What is littering?
Littering is the incorrect disposal of any type of domestic or commercial waste material of an amount less than 200 litres in volume (the size of an average wheelie bin).
Common types of waste include:
- cigarette butts, drink bottles and fast food packaging thrown out of a vehicle
- material falling off a trailer because it was uncovered or poorly secured
- grass clippings swept into a gutter
- fishing tackle.
Why is littering a problem?
Littering has serious environmental impacts and is a considerable resource and financial burden for government, business and the community.
Cigarette butts comprise 90 per cent of the waste littered from vehicles. Plastic cigarette filters end up in waterways where they can choke and kill marine animals. Lit cigarette butts that are discarded are also proven to cause fires.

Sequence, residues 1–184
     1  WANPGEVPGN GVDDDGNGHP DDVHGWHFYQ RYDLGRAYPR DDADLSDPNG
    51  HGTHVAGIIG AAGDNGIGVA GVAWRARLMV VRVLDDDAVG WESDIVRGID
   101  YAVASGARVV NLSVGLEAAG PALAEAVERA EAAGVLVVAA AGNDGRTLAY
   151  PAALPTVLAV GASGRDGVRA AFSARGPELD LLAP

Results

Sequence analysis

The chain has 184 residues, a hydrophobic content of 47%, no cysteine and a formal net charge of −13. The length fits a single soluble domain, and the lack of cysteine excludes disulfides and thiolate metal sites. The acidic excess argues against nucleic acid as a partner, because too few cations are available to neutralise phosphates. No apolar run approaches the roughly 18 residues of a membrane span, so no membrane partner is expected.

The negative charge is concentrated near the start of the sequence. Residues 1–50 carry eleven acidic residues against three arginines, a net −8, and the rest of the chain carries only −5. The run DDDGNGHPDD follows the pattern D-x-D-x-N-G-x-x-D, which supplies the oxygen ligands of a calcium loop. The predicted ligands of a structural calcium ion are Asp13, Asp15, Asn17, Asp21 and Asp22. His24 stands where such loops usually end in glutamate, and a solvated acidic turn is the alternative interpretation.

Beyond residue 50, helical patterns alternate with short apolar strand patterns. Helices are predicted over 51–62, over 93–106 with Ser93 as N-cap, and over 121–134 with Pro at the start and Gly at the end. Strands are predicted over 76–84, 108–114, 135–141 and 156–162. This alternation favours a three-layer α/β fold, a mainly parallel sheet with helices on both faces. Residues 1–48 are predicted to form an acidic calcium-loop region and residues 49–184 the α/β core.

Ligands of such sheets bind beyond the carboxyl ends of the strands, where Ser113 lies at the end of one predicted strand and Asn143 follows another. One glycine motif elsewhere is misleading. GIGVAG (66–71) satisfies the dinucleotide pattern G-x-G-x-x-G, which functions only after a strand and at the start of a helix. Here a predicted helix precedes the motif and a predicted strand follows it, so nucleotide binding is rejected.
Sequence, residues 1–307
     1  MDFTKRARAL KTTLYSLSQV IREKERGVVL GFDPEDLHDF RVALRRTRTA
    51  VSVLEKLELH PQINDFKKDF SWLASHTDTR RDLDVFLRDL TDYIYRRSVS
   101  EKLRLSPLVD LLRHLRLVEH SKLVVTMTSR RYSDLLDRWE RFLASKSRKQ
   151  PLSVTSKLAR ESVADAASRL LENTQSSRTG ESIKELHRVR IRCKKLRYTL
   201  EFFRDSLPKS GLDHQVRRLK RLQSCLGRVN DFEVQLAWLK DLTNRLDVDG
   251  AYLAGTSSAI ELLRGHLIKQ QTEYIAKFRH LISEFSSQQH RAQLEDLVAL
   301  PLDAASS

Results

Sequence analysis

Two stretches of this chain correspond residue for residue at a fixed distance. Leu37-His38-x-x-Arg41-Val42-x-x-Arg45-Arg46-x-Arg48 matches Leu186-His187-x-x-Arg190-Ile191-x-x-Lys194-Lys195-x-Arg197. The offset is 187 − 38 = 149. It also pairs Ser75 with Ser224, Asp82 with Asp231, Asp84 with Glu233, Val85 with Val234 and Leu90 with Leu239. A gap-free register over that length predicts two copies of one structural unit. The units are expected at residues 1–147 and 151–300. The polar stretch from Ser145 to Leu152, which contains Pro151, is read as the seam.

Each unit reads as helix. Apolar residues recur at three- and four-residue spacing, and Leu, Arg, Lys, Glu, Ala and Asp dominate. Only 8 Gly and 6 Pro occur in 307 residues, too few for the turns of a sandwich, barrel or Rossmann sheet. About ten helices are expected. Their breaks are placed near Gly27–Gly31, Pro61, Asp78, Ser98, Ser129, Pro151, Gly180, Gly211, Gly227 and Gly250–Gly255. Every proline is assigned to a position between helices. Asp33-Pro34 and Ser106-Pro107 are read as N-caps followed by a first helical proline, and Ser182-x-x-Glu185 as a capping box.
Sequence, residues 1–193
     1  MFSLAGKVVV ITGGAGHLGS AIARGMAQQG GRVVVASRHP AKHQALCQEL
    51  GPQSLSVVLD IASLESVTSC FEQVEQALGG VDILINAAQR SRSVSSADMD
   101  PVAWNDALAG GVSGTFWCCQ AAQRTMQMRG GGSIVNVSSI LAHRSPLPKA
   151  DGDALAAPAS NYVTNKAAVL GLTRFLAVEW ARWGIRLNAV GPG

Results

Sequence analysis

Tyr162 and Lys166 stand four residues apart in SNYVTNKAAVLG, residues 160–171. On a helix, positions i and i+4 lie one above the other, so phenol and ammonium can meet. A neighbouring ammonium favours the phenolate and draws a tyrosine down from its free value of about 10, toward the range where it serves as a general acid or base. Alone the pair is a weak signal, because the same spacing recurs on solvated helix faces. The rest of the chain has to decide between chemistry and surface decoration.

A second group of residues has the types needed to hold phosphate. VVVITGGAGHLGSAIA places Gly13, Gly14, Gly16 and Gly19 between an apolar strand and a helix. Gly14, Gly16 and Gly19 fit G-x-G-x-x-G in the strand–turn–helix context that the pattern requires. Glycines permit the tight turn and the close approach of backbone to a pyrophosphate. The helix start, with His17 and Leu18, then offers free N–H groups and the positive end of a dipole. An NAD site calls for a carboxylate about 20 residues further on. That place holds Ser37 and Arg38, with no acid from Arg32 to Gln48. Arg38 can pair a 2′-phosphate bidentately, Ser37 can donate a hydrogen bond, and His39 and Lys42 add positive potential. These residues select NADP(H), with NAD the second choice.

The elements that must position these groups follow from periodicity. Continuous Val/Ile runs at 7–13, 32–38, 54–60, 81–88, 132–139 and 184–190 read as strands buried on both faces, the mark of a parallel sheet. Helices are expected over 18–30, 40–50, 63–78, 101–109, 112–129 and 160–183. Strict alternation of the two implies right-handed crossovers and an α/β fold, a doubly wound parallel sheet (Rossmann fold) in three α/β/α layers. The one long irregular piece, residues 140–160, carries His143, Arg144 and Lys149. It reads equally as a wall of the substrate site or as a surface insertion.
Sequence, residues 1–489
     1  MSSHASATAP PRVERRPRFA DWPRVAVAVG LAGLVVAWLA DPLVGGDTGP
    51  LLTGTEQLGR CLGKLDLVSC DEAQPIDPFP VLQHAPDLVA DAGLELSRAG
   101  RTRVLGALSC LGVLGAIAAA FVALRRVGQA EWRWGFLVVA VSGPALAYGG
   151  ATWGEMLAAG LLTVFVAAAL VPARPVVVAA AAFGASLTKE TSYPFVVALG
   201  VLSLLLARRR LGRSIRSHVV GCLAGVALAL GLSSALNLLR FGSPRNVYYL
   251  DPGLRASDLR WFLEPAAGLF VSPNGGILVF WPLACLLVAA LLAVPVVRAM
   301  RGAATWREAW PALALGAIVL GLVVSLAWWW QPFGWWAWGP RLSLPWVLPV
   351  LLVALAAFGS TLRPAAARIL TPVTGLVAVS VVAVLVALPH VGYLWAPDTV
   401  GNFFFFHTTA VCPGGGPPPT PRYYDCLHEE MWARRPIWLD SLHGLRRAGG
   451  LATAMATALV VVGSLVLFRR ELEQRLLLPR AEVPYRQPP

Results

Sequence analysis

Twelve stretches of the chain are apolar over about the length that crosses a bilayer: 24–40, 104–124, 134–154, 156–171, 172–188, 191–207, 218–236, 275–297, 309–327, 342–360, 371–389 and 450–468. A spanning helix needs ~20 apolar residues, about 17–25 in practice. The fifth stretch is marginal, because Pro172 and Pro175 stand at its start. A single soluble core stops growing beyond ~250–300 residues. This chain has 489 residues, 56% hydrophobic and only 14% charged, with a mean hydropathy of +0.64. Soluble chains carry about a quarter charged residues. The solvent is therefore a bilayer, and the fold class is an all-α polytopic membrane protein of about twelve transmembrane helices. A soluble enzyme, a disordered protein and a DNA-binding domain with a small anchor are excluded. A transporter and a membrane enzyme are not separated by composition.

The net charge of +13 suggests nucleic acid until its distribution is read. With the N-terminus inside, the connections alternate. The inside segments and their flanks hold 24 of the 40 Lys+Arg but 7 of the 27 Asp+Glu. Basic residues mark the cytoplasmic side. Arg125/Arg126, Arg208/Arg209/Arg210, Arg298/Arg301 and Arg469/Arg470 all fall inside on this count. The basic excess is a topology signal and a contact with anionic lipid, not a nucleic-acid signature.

Apple cores and banana skins
Biodegradable items, such as apple cores and banana skins, are waste—and incorrectly disposing of them, for example, by throwing them out of a vehicle window is littering. Biodegradable waste:
- is unattractive
- attracts vermin
- spreads disease in agricultural areas, native vegetation, parks and gardens
- may become an invasive species and compete with native plants
- contributes to water pollution by causing algal outbreaks and reducing oxygen supplies to marine life.
If someone reports littering from a vehicle, a penalty infringement notice will be issue to the registered owner of the vehicle. If the registered owner did not litter, they can lodge a statutory declaration and nominate another driver, or advise of vehicle change of ownership.
The penalties for littering or illegal dumping from a vehicle are outlined in the fact sheet.
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